The Kenya Railways Corporation has moved to end the illegal occupation of its reserve lands, following increased activity which has been facilitated by the revamping of several rail lines.
The corporation announced that anyone found encroaching its land would be held criminally culpable and hefty fines will be imposed.
In a statement, the railway service provider reminded Kenyans that it was a criminal offence to occupy its land.
“KR would like to inform the General Public that with or without prior knowledge, occupation of the Corporation’s reserve land is criminal.”
“Anyone found violating the law is liable to imprisonment for a period of up to 10 years as per the KRC act. We therefore wish to remind the public that any unauthorized activities along the line is strictly prohibited, “reads the statement.
Kenya Railways is one of the largest landowners in Kenya but most of it has been lying idle for years after the service collapsed in the 1990s.
Land grabbers and homeless people have taken advantage of the inactivity to set up businesses and homes in the railway reserves.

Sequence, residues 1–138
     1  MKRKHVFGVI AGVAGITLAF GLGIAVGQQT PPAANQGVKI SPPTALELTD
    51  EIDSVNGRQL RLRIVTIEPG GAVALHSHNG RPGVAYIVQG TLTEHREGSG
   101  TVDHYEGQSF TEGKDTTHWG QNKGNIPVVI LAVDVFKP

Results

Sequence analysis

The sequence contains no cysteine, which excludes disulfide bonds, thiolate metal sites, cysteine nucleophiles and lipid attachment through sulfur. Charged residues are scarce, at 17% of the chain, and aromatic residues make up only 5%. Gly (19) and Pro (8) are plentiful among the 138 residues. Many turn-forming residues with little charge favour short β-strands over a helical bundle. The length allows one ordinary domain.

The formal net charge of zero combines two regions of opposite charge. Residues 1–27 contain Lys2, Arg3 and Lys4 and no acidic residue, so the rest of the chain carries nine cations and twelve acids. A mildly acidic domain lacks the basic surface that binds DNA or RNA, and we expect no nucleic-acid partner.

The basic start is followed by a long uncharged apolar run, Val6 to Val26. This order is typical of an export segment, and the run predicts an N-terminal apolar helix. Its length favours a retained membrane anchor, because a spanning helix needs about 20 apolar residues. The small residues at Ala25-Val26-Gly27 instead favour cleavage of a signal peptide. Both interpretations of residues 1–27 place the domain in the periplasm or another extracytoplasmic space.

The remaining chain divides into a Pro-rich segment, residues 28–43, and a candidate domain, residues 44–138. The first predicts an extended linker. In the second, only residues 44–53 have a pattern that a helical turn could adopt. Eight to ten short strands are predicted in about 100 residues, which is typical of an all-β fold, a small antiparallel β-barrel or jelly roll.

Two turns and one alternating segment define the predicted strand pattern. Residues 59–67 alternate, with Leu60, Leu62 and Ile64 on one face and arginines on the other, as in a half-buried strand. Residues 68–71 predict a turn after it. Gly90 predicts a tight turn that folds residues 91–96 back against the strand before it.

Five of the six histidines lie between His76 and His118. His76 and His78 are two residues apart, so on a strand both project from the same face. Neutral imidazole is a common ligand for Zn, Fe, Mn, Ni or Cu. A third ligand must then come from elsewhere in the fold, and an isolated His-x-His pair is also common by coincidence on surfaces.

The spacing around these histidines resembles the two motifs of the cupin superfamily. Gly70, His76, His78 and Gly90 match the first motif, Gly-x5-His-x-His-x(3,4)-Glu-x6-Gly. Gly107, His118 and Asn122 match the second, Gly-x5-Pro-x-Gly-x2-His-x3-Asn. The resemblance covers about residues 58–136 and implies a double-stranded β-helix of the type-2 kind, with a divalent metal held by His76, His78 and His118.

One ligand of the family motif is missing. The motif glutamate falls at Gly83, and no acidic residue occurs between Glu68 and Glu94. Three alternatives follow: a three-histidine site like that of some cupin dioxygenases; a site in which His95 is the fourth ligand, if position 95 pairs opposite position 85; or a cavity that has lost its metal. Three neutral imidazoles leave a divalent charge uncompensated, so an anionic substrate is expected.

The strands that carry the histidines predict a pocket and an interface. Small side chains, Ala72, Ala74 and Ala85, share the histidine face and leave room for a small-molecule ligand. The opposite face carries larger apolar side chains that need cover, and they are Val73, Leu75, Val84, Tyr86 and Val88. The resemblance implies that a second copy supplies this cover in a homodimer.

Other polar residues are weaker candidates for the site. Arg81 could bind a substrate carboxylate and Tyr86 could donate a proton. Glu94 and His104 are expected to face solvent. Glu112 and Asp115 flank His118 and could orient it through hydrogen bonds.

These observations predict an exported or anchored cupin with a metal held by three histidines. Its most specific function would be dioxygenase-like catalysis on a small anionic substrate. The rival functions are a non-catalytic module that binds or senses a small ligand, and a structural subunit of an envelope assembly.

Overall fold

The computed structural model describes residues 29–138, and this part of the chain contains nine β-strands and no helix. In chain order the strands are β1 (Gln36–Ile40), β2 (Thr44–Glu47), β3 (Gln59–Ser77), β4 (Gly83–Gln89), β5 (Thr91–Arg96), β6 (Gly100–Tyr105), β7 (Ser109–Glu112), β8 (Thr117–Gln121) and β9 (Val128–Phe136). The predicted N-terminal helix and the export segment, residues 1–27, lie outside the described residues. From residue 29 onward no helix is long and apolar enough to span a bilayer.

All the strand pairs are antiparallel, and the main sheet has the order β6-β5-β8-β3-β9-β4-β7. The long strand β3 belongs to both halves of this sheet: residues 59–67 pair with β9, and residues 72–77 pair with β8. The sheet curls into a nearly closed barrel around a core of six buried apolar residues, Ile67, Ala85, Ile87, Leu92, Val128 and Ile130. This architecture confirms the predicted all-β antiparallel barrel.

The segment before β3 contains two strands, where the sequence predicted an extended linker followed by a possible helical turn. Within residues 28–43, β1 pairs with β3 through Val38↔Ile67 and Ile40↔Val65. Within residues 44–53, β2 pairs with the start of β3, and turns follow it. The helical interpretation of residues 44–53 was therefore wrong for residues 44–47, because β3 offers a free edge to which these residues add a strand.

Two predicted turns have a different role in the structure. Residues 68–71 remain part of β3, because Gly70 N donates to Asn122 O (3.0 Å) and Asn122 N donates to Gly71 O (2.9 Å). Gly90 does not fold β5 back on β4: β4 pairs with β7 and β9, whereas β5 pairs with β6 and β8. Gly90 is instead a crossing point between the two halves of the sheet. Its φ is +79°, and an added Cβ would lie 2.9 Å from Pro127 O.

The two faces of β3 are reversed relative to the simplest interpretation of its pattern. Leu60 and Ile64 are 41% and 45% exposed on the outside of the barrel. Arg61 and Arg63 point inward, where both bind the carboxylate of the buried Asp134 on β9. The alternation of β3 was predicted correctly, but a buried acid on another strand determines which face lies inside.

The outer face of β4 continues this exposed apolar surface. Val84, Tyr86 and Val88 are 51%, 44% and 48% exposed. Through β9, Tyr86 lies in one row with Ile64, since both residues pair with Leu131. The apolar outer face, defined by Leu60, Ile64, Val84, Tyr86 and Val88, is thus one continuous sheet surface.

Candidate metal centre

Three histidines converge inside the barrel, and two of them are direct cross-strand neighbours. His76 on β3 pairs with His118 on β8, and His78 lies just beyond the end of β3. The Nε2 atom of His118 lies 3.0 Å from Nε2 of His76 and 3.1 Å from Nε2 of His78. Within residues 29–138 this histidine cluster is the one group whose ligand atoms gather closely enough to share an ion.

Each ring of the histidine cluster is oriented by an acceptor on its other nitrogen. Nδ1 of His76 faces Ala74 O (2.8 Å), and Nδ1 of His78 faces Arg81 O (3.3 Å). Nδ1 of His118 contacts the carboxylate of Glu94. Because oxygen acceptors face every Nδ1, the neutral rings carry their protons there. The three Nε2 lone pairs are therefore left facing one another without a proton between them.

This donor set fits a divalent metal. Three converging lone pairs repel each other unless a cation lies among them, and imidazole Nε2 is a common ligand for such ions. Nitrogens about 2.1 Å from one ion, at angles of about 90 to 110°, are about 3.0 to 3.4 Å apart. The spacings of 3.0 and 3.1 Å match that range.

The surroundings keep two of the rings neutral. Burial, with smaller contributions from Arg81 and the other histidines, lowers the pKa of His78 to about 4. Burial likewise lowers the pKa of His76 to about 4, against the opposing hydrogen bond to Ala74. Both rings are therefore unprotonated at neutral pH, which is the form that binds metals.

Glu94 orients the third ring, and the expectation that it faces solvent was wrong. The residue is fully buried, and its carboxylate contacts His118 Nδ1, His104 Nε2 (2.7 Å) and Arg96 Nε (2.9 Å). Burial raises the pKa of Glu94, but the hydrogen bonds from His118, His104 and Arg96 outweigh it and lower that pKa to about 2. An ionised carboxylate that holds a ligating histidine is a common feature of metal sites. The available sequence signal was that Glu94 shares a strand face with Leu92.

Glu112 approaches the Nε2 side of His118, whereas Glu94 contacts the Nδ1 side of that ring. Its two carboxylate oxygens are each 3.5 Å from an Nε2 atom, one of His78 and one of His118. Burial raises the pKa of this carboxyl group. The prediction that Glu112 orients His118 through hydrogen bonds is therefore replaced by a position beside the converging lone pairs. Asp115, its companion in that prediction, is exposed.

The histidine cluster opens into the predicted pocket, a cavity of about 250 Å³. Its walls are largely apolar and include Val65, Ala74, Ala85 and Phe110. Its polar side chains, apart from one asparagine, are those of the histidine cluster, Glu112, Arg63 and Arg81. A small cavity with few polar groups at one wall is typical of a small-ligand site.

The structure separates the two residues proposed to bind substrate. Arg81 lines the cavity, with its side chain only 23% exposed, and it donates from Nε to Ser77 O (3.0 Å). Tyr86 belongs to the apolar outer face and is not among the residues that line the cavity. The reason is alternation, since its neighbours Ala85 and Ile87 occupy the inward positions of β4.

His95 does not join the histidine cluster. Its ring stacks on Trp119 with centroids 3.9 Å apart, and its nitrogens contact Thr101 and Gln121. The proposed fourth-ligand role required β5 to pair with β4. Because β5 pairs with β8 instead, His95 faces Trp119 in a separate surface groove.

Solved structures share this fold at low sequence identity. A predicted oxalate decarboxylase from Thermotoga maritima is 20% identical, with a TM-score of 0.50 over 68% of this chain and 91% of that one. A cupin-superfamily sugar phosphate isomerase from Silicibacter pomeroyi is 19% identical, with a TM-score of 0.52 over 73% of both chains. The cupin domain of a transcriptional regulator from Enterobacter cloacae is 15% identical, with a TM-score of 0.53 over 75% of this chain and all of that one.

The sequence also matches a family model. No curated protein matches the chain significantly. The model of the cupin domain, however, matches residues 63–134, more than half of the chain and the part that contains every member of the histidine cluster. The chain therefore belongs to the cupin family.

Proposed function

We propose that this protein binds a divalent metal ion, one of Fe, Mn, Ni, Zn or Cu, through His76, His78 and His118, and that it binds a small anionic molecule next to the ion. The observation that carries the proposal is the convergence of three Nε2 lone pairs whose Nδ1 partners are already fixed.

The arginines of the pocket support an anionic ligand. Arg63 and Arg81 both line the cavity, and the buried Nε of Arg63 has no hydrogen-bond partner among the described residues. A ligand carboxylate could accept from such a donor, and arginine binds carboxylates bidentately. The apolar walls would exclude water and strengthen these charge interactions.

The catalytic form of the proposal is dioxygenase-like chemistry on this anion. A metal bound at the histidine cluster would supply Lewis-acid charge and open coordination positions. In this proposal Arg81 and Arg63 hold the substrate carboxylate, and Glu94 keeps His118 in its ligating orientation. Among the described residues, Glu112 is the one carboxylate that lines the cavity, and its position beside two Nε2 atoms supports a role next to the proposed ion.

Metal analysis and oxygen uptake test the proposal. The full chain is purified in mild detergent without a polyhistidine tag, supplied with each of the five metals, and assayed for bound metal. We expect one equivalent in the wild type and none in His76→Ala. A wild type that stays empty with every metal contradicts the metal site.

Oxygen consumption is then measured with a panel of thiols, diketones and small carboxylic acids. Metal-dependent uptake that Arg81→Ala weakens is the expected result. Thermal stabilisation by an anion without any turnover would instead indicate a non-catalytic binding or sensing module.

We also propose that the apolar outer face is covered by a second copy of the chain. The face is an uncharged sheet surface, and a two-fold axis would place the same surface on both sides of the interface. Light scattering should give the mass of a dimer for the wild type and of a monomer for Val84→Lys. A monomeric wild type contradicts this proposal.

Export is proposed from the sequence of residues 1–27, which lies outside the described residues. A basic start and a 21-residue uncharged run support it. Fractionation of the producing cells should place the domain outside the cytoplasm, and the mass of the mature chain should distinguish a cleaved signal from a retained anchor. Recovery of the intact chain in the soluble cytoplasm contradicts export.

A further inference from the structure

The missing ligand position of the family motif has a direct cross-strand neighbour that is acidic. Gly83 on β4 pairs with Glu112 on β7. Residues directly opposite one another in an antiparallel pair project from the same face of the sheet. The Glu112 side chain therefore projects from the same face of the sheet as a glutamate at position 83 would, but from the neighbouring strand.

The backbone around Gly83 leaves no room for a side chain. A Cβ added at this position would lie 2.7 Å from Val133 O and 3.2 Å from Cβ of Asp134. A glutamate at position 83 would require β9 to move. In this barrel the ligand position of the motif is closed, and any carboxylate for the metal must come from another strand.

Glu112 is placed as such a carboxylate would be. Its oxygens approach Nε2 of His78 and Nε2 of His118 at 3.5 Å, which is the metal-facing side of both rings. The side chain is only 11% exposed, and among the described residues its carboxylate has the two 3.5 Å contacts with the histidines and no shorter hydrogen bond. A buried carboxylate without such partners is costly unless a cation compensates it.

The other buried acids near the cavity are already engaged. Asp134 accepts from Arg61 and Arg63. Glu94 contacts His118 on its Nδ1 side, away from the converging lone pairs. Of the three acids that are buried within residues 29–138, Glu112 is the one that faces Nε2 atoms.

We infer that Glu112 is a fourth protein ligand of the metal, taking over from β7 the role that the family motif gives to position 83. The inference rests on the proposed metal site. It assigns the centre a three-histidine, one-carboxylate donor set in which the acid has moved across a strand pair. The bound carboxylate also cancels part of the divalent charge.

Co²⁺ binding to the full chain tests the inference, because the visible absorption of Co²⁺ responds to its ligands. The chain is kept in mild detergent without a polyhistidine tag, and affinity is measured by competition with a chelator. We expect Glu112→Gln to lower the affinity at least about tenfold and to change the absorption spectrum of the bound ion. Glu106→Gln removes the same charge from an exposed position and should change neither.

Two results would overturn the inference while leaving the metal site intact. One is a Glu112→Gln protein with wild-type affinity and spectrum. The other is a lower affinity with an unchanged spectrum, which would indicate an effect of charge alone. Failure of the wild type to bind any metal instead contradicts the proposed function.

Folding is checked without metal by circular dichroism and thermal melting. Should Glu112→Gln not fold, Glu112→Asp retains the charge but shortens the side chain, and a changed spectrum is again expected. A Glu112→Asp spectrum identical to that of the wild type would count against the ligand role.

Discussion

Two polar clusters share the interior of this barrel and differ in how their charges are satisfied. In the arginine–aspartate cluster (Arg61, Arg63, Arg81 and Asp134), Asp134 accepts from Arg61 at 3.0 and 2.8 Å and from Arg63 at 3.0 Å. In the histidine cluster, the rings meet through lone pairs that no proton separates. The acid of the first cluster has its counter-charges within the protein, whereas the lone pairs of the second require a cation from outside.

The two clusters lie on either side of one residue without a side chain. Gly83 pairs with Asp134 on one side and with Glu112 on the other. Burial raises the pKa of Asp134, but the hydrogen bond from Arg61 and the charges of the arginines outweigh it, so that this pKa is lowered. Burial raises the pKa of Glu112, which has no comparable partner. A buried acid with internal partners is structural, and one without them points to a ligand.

The government-owned organisation is covered by the Way Leaves Act which forbids any businesses against hindering its operation.
Encroachment of land compromises safety standards resulting in derailments alongside other challenges which include delays and vandalism.
The warning came just days after Kenya Railways demolished structures meant for business in Kisumu County.
The demolition was meant to pave way for the construction of a passenger railway station in the area.
Traders watched as the bulldozers brought down their structures as they tried to salvage what they could.
Kisumu City Manager Abala Wanga said that the county was determined to retrieve grabbed land for the development of the city.
“This is part of a wider plan towards the realization of the Kisumu Railway City. A development we all long to witness,” he stated.